5th February 1925.
From the point of view of industry, the main interest of a return to a gold standard is stability. In pre-war days the adoption of the gold standard by a country was an earnest that it was prepared to meet its international obligations, and so long as its obligations and currency were convertible to gold, traders all over the world could enter into contracts with it without any fear that the country in question would meet its obligations when they fell due. Since trade development generally depends largely on the use of credit, the underlying stability given to the national credits of all the countries of the world by adherence to the gold standard, enabled both long term and short term obligations to be entered into freely and so made possible rapid expansion of trade, which took place in the period immediately preceding the war.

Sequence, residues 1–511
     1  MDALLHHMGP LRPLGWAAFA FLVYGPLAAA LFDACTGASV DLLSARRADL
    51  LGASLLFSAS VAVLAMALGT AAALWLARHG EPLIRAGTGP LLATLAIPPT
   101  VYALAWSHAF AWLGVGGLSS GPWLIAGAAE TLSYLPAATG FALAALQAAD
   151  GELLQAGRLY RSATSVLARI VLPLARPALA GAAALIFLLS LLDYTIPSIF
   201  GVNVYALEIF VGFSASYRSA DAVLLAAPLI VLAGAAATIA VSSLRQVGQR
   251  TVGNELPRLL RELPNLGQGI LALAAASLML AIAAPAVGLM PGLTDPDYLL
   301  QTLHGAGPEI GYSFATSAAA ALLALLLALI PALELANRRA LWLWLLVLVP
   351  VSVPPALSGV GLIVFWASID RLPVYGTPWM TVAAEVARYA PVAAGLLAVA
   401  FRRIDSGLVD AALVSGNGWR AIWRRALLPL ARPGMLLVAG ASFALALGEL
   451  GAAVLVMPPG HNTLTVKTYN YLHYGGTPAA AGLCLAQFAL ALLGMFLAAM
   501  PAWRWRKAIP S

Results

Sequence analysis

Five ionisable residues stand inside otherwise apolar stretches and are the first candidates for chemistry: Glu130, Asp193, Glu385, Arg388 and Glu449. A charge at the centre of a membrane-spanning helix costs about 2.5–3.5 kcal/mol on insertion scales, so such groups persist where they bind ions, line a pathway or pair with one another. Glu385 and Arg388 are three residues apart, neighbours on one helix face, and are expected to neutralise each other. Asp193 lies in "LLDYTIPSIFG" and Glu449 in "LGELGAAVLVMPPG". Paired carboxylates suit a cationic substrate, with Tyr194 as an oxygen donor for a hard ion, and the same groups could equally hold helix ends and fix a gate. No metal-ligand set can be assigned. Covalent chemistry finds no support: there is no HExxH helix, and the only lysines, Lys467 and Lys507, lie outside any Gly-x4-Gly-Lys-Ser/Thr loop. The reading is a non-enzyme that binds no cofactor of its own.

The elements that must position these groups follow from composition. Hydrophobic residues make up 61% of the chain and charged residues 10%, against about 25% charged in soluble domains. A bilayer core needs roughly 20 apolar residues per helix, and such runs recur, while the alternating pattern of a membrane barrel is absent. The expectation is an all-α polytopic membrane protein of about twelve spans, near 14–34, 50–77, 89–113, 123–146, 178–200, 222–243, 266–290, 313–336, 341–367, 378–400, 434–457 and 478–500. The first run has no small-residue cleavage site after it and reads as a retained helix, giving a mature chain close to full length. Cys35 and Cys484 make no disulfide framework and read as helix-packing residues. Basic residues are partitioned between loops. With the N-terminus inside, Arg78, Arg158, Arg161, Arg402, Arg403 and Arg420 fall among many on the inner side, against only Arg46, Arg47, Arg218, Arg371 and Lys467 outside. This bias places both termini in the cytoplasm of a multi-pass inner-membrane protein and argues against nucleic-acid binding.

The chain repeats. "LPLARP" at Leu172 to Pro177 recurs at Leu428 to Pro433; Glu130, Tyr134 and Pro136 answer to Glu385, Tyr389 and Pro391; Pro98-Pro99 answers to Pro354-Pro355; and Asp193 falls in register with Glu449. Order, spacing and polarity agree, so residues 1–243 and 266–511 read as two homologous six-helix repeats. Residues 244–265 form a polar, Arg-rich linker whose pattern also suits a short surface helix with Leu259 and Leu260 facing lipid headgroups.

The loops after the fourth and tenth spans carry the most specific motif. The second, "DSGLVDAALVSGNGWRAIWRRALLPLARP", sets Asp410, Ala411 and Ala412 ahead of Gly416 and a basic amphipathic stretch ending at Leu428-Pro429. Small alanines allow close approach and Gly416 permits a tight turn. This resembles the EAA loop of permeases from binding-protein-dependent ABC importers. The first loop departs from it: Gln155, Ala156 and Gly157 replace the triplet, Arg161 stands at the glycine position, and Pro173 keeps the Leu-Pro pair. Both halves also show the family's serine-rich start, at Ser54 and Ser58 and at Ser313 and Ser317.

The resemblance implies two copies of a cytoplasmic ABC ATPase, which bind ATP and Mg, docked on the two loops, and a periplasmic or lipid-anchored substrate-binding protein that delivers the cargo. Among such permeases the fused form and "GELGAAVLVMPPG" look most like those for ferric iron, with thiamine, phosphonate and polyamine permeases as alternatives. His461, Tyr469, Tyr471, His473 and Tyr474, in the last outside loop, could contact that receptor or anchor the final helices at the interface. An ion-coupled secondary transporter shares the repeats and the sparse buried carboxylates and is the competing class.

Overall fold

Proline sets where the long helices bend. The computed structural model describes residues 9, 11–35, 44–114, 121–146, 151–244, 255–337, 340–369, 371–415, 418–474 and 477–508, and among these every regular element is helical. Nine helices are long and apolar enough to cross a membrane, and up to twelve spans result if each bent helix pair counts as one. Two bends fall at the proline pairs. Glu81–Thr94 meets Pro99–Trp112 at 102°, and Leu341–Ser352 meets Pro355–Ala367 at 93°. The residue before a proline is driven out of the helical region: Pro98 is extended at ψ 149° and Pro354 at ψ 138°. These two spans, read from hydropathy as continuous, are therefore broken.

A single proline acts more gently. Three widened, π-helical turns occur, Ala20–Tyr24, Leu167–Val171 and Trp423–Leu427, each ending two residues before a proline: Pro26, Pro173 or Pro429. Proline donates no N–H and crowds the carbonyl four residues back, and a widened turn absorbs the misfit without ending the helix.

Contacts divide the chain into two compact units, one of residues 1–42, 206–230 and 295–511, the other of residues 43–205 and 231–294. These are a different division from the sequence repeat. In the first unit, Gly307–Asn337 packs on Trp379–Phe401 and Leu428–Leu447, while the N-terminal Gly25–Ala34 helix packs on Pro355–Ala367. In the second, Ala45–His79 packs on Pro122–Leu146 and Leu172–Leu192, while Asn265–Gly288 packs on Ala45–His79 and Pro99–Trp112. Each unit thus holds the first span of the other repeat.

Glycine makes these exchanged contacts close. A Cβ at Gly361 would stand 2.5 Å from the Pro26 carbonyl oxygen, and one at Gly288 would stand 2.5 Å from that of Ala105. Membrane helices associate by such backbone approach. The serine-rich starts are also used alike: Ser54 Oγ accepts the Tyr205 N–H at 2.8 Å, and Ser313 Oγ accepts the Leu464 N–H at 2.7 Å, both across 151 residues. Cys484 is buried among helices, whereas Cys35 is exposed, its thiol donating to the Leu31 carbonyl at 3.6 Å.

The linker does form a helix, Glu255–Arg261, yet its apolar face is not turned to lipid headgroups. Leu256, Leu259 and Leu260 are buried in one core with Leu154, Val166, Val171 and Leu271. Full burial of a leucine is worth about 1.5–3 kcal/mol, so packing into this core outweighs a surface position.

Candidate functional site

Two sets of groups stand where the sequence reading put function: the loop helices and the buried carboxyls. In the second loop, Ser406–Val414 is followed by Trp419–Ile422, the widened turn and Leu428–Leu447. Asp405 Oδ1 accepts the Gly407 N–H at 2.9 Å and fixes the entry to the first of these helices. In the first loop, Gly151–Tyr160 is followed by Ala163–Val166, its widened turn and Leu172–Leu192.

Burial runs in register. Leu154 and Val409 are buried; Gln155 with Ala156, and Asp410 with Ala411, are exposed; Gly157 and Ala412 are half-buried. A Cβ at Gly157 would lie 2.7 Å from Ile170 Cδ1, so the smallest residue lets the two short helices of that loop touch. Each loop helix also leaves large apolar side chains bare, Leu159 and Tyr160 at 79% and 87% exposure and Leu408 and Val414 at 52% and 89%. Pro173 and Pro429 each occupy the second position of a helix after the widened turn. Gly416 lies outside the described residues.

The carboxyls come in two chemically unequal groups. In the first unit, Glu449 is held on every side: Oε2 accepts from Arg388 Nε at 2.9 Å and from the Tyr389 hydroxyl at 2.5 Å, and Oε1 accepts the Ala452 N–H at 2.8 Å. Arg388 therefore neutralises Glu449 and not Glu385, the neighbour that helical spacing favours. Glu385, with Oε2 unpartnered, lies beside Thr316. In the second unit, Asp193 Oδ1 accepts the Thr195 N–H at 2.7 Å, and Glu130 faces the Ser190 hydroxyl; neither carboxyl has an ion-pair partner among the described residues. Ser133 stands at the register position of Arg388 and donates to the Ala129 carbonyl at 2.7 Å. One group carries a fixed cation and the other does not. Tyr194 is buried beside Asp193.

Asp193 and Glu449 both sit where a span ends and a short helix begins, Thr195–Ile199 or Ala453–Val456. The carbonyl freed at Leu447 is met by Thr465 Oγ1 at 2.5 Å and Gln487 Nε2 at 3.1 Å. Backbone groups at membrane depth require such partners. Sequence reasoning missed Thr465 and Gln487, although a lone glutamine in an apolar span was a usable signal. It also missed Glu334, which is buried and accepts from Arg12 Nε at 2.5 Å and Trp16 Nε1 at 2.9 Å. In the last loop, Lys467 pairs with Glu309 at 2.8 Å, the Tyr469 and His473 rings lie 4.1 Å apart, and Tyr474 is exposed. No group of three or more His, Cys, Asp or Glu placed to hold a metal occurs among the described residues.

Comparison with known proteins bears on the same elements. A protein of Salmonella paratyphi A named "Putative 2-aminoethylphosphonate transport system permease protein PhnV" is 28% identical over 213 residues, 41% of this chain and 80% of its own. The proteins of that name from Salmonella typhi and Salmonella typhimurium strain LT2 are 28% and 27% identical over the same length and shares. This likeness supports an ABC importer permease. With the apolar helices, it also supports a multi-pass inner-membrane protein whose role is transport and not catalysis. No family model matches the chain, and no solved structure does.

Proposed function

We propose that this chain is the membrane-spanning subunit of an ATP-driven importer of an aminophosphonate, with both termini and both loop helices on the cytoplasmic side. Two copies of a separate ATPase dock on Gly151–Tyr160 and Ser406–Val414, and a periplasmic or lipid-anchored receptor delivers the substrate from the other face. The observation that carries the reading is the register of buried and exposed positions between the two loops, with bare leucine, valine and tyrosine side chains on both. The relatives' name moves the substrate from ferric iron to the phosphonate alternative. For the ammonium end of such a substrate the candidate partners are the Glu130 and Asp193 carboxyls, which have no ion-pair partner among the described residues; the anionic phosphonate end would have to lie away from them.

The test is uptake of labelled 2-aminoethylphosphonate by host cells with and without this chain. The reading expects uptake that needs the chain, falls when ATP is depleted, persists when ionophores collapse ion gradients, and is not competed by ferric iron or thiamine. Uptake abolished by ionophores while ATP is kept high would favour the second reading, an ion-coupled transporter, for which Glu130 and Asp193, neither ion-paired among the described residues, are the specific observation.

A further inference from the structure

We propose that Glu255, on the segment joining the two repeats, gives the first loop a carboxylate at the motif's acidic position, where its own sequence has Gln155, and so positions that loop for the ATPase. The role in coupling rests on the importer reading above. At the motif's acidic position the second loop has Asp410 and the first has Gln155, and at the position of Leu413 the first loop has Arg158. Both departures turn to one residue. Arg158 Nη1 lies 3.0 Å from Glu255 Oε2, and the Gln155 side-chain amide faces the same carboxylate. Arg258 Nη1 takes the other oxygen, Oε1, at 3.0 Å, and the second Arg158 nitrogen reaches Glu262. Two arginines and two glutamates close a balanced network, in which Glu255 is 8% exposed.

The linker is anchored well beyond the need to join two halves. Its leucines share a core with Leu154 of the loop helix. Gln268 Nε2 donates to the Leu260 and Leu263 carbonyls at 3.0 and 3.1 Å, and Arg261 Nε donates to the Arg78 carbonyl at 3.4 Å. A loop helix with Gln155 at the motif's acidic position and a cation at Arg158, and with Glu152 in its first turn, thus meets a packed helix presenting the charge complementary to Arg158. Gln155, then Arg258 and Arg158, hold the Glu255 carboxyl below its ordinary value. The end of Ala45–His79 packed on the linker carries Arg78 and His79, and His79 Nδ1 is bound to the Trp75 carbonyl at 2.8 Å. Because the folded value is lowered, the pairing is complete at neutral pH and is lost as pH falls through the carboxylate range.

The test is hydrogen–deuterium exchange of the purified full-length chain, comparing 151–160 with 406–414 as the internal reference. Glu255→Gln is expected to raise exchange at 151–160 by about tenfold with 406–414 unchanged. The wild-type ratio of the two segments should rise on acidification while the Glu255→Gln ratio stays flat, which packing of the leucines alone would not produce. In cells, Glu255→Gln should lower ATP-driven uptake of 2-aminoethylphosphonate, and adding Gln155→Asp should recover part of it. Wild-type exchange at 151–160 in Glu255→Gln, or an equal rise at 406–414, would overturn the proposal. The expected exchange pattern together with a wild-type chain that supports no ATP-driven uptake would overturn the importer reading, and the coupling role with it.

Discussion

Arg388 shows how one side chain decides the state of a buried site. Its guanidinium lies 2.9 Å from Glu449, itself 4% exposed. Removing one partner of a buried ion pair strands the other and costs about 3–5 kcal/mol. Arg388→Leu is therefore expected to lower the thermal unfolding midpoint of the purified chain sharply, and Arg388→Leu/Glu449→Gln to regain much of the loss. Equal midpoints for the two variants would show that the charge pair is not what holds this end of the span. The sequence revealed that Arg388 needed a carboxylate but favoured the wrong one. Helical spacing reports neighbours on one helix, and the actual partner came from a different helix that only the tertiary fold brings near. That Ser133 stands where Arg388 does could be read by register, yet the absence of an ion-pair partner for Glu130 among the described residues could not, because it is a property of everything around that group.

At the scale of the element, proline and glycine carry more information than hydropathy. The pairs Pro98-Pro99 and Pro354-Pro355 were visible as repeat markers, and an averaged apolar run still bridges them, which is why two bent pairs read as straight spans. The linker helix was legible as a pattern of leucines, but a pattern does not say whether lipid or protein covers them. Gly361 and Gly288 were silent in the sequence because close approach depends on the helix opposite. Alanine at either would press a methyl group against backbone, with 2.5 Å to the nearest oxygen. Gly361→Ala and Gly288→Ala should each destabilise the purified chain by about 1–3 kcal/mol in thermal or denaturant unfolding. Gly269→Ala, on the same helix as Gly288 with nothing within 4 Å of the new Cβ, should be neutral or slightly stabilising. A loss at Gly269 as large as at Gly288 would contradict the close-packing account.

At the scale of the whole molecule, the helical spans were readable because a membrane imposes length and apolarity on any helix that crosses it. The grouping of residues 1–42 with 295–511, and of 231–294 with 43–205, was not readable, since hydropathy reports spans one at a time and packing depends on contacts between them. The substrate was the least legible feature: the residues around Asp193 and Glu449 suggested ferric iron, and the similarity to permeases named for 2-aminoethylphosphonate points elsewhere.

If therefore we could feel sure that a return to a gold standard by this country would lead to a restoration in the immediate future of pre war conditions, then, in our opinion, this would be an over-riding argument in favour of such a return.
Unfortunately there is no guarantee; indeed, all signs point in the opposite direction, namely that a return to a gold standard by this country at the present time would secure an early return to pre war conditions.
In the first place, whereas before the war the World's supply was distributed among the reserves of the Banks in the different countries of the World in proportion to their means, at the present time the major